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“Those who teach Sola Fide, are they not keeping back information concerning salvation? What of good works; obedience?

“My point is that Sola Fide is a doctrine that ignores God’s Word concerning the importance of obedience (good works), is not historical, and sets a Christian up with a false sense of their salvation being secured solely by their faith.”

Patrick E. Devens, The Safety-Net of Sola Fide

Patrick, I won’t be responding to every point of your post The Safety-Net of Sola Fide, but to some problems with it: most importantly, that you tend to isolate Faith Alone from the other Solas, and that you are misrepresenting the faith of many Christians.
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To begin, here is an overview of the Solas from Theopedia.com. In studying them, I believe it’s important to remember that they aren’t a creed or catechism and so they aren’t meant to set forth the entirety of the Faith.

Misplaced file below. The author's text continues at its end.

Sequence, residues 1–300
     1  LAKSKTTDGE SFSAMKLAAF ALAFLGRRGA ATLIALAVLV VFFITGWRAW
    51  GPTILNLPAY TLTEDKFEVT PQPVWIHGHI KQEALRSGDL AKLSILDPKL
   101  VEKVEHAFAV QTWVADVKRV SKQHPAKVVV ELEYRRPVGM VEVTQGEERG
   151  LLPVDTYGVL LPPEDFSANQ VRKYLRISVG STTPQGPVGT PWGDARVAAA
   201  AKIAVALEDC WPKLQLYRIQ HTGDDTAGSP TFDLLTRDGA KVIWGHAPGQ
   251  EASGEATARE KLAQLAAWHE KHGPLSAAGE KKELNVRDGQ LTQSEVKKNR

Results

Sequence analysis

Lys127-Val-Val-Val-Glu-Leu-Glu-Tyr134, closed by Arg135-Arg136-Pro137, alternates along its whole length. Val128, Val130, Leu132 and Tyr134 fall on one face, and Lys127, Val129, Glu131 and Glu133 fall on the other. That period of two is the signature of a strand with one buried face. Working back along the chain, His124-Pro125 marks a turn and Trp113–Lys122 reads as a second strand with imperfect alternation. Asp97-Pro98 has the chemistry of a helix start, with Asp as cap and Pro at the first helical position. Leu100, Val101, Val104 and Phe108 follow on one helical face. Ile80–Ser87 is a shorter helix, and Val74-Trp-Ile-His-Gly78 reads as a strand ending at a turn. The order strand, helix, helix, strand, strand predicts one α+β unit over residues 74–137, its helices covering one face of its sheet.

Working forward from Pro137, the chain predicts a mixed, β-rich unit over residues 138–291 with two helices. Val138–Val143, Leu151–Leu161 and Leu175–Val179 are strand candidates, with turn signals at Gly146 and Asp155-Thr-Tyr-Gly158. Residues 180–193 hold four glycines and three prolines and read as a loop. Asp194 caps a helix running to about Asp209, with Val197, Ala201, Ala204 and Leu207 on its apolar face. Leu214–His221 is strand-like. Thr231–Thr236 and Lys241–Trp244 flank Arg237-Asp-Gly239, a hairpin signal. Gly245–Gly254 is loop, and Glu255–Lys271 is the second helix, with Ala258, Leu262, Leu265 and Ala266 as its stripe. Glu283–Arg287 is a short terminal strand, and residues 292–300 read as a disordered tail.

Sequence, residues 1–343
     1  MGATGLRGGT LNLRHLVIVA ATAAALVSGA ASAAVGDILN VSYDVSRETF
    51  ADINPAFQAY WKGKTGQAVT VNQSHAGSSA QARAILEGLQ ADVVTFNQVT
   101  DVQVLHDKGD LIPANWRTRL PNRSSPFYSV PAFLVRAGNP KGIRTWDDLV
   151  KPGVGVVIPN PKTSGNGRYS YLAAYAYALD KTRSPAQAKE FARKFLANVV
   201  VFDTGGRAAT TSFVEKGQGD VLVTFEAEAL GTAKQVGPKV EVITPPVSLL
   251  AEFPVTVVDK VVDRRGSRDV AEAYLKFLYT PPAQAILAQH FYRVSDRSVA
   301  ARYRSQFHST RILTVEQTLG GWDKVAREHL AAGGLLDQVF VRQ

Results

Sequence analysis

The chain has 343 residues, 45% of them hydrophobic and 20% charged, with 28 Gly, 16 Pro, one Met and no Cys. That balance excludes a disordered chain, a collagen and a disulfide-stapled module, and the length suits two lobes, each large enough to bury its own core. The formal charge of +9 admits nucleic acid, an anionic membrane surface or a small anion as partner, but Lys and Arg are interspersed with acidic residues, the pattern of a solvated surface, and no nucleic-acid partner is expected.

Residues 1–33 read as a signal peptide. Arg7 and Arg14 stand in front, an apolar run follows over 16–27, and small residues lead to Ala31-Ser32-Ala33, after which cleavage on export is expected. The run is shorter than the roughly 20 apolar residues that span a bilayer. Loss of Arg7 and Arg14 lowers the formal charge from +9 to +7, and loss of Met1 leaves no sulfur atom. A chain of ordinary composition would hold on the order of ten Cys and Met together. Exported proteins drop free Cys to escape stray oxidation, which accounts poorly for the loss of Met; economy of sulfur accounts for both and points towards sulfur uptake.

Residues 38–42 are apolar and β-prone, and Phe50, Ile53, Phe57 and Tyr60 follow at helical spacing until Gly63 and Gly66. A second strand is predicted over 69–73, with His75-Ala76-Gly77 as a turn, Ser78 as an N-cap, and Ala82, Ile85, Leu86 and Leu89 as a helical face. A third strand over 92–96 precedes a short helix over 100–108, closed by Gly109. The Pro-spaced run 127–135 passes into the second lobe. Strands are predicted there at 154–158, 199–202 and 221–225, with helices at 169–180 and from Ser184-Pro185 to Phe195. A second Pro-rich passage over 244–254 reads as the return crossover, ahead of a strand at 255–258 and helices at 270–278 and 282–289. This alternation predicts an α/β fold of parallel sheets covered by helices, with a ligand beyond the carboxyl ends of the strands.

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“The Five Solas are five Latin phrases (or slogans) that emerged from the Protestant Reformation intended to summarize the Reformers’ basic theological principles in contrast to certain teachings of the Roman Catholic Church of the day. “Sola” is Latin meaning “alone” or “only” and the corresponding phrases are:
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Sola Fide, by faith alone.

Sola Scriptura, by Scripture alone.

Solus Christus, through Christ alone.

Sola Gratia, by grace alone.

Soli Deo Gloria, glory to God alone.

“These phrases may be found individually expressed in the various writings of the 16th century Reformers, either explicitly or implicitly, but they are not found presented as a list per se. It is most likely the list of Solas came about later.”